Development and evaluation of nasal formulations of ketorolac.

Abstract

Ketorolac tromethamine is a potent non-narcotic analgesic with moderate anti-inflammatory activity. Clinical studies indicate that ketorolac has a single dose efficacy greater than morphine for postoperative pain and has excellent applicability in the emergency treatment of pain. Due to incomplete oral absorption of ketorolac, several approaches have been tried to develop a nonoral formulation in addition to injections, especially for the treatment of migraine headache. The aim of our study was to develop a nasal formulation of ketorolac with a dose equivalent to the oral formulation. A series of spray and lyophilized powder formulations of ketorolac were administered into the nasal cavity of rabbits, and their pharmacokinetics profiles were assessed. The spray and powder formulations were compared through their pharmacokinetics parameters and absolute bioavailability. Drug plasma concentration was determined using solid phase extraction, followed by an HPLC analysis. Nasal spray formulations were significantly better absorbed than powder formulations. A nasal spray formulation of ketorolac tromethamine showed the highest absorption with an absolute bioavailability of 91%. Within 30 min of administration, the plasma concentration was comparable to that resulting from an intravenous injection. The absolute bioavailability of a solution of ketorolac acid was 70%. Apparently, the dissolution of ketorolac acid into the mucous layer limits its absorption. There were no significant differences in absorption between different powder formulations. Even the reduction of particle size from 123 microm to 63 microm did not indicate better absorption of ketorolac tromethamine from powder formulations. Interestingly, the absolute bioavailability of ketorolac tromethamine from a powder formulation is only 38%, indicating that the drug may not be totally released from the polymer matrix before it is removed from nasal epithelium by mucociliary clearance.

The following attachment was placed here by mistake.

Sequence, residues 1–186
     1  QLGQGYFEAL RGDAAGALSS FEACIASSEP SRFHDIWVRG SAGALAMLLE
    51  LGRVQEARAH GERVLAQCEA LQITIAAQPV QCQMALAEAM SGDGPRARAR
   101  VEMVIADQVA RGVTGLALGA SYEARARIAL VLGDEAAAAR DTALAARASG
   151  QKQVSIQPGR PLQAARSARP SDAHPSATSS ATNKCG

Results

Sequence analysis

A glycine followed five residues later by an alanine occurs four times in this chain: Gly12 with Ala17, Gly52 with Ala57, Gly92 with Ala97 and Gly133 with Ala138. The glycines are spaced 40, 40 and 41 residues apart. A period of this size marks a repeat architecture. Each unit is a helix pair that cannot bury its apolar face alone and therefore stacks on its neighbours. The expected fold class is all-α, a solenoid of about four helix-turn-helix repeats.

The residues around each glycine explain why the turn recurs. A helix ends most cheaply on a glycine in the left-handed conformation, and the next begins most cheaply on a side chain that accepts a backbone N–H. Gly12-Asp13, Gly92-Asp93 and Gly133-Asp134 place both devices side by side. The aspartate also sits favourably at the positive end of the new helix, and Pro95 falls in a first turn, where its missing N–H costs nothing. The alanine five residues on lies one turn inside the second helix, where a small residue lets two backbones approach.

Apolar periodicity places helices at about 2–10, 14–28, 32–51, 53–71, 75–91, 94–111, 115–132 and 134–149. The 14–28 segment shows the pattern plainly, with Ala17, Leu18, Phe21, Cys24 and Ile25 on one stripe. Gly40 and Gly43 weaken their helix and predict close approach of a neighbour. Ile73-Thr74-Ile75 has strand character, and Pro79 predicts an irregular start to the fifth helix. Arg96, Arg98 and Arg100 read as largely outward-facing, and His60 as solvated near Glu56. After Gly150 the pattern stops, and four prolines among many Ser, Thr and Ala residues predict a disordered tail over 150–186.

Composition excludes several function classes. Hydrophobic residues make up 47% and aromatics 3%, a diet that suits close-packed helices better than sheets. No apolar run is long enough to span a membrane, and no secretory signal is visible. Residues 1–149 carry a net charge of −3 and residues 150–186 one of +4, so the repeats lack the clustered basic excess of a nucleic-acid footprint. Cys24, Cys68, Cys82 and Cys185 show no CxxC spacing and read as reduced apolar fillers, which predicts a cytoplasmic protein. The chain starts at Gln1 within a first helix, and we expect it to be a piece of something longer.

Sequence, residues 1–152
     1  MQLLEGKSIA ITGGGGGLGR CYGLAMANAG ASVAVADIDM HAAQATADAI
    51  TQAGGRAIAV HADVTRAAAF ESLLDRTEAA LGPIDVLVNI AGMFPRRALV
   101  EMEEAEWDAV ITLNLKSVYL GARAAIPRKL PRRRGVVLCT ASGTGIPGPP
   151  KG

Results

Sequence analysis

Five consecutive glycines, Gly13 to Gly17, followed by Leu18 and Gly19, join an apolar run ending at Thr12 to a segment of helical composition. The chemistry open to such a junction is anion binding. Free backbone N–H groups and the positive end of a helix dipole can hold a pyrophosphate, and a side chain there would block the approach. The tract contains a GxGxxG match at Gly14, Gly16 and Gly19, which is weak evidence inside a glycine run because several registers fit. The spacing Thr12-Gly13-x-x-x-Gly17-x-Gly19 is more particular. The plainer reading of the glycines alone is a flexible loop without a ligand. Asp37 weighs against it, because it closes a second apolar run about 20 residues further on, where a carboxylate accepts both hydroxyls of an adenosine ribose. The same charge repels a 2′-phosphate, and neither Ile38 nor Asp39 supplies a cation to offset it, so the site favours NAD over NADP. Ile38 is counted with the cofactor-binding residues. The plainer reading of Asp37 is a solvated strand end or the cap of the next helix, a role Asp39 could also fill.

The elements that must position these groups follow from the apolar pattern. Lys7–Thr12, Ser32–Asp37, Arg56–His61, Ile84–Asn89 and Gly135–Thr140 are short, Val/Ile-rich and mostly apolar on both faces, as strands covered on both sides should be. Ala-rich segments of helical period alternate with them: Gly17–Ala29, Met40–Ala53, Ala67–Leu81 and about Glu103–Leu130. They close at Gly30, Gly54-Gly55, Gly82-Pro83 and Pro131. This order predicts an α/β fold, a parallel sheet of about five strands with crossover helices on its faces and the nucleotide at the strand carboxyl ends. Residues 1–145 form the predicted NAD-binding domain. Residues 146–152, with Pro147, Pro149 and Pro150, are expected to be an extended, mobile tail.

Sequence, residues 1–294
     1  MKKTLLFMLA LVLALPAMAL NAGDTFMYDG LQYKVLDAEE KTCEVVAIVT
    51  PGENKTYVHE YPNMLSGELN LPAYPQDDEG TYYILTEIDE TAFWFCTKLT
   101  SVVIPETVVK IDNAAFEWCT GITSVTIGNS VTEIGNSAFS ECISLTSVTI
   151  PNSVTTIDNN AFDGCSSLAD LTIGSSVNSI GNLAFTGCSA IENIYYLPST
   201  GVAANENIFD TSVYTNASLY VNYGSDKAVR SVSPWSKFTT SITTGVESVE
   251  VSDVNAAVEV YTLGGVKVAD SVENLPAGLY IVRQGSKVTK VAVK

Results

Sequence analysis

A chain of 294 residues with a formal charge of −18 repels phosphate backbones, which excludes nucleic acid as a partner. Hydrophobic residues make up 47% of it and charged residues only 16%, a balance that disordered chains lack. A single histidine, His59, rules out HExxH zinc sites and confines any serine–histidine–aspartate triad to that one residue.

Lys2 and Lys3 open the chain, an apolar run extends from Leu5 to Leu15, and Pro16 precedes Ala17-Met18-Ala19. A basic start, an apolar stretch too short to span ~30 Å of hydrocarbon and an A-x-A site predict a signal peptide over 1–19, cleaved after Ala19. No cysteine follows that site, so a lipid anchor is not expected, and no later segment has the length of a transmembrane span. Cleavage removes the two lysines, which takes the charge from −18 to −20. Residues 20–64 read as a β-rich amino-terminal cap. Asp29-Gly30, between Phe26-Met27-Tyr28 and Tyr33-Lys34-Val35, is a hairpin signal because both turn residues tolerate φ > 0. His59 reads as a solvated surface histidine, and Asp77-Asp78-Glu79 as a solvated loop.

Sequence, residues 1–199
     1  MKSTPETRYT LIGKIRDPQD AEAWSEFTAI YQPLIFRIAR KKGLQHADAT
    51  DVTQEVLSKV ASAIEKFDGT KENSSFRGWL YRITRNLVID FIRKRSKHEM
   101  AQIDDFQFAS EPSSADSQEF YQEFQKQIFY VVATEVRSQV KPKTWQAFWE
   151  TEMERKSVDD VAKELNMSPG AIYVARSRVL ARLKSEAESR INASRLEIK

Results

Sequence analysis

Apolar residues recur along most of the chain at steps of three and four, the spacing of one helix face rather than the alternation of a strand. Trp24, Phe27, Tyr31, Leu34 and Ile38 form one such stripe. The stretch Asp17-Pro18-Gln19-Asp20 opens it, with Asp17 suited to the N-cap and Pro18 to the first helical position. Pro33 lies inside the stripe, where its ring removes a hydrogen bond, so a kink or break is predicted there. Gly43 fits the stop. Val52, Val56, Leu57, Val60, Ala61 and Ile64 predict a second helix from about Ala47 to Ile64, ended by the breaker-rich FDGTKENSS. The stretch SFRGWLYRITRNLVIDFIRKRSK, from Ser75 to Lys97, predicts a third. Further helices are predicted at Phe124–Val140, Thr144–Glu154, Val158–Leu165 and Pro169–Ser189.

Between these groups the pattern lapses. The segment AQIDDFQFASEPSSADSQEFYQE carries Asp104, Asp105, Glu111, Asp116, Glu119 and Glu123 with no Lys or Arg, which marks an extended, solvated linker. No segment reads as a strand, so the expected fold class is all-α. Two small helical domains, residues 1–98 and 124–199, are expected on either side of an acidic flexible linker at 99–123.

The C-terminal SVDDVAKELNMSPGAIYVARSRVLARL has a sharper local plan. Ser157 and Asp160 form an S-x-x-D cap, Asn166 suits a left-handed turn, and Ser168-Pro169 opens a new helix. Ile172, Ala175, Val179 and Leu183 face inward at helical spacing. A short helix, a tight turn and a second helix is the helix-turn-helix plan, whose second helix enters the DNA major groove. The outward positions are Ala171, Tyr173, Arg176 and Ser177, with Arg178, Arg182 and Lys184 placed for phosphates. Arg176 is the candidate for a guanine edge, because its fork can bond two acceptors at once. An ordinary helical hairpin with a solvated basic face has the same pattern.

Cite this paper

@article{Quadir2000DevelopmentAE, title={Development and evaluation of nasal formulations of ketorolac.}, author={Mohiuddin A. Quadir and Hossein Zia and Thomas E. Needham}, journal={Drug delivery}, year={2000}, volume={7 4}, pages={223-9} }